Need another reason to hate rap music? Here you go.
A British rapper whose father is awaiting trial in Manhattan for a pair of US embassy bombings is a leading suspect in the barbaric beheading of American journalist James Foley, it was revealed on Friday.
Abdel-Majed Abdel Bary — who recently tweeted a photo of himself holding up a severed head — was among three Brits identified as possibly being the masked killer known as “John the Beatle.”
Bary, 24, is the son of an Egyptian-born militant who is awaiting trial on terror charges tied to the deadly 1998 bombings of embassies in Kenya and Tanzania.
Also under investigation are the brother of a British doctor once charged with kidnapping two Western war correspondents, and a former gang member who converted to Islam and traveled to Syria, Britain’s Telegraph newspaper reported.
If it’s confirmed this scumbag is the one on the Foley video we should nut up and fight fire with fire. Drag his father out in public and execute him on video. But no, that might upset the delicate sensibilities of the terror-coddling left. Ooh, ooh, you’ll just make them mad and create more terrorists, they’d say.
Before becoming a jihadist, he was an aspiring rapper from West London known as “L Jinny,” whose music was played on BBC Radio 1.
Bary also appeared in music videos posted on YouTube for songs titled “Overdose,” “Flying High” and “Dreamer.”
But he was reportedly radicalized by followers of firebrand Islamic preacher Anjem Choudary and walked out of his family’s plush home in the Maida Vale district of London last year, saying he was “leaving everything for the sake of Allah.”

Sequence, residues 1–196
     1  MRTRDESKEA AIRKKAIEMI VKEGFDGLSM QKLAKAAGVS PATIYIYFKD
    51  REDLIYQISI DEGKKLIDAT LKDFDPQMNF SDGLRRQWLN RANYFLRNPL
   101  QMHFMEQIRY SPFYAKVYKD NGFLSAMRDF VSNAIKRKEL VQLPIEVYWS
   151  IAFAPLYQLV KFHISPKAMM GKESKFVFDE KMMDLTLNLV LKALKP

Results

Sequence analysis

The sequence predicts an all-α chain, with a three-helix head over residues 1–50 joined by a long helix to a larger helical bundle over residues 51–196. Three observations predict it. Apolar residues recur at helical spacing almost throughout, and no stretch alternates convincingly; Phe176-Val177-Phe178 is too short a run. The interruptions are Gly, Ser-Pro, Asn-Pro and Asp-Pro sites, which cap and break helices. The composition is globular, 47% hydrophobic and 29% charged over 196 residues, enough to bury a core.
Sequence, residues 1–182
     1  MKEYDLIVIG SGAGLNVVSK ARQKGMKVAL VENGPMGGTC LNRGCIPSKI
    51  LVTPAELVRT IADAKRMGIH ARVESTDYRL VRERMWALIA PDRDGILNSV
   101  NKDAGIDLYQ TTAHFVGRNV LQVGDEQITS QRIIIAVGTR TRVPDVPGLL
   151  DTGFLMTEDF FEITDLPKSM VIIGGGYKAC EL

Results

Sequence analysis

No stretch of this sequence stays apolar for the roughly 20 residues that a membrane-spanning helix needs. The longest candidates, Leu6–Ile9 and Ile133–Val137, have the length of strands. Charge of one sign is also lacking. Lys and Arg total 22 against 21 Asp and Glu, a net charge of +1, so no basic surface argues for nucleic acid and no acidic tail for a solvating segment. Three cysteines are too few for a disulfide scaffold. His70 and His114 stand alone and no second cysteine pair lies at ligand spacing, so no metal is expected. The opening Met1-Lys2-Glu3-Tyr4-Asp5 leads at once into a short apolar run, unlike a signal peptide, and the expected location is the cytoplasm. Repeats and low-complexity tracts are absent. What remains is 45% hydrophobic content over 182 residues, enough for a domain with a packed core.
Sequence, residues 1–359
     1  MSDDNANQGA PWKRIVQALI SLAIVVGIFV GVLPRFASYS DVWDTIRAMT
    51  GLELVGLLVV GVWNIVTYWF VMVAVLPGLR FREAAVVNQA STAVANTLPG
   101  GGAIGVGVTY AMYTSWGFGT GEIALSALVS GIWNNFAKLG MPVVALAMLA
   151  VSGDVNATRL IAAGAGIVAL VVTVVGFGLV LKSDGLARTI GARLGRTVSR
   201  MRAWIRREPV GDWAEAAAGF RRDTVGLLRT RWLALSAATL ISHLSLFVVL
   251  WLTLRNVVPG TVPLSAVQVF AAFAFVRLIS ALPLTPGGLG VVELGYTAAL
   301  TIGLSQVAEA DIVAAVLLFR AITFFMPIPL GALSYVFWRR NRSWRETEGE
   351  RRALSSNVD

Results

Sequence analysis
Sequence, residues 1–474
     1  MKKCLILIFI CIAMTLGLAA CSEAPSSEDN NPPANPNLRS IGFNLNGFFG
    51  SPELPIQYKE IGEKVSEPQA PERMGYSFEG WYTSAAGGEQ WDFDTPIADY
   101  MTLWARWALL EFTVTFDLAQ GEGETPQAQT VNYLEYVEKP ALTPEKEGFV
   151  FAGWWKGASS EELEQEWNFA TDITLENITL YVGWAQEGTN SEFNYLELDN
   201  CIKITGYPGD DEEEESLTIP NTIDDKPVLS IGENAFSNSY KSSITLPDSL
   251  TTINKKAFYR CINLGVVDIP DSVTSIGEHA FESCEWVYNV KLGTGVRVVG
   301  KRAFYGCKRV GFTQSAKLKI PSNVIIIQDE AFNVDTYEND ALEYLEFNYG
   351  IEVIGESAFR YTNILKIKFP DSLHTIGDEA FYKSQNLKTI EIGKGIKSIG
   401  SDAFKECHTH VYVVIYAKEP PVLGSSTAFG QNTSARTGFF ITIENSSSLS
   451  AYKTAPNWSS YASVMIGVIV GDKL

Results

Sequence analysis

Plush home? Oh, so not all terrorists are poor, like the left always tell us?
Bary is one of six children of Egyptian militant Adel Abdul Bary, who was granted political asylum in the UK in 1993.
In 2012 he was extradited to the US, where he was wanted in connection to the 1998 United States embassy bombings in East Africa which killed hundreds of people.
Investigators said that he helped to publicise statements claiming responsibility after the bombings.
Bary Snr’s eight-year legal battle made him a cause celebre of the Left as lawyers took his publicly funded case to the European Court of Human Rights in Strasbourg.
Investigators believe Bary Snr was one of Bin Laden’s closest lieutenants in the infancy of Al Qaeda and ran a London cell of the terror network.
With all that he was living large on the public dime.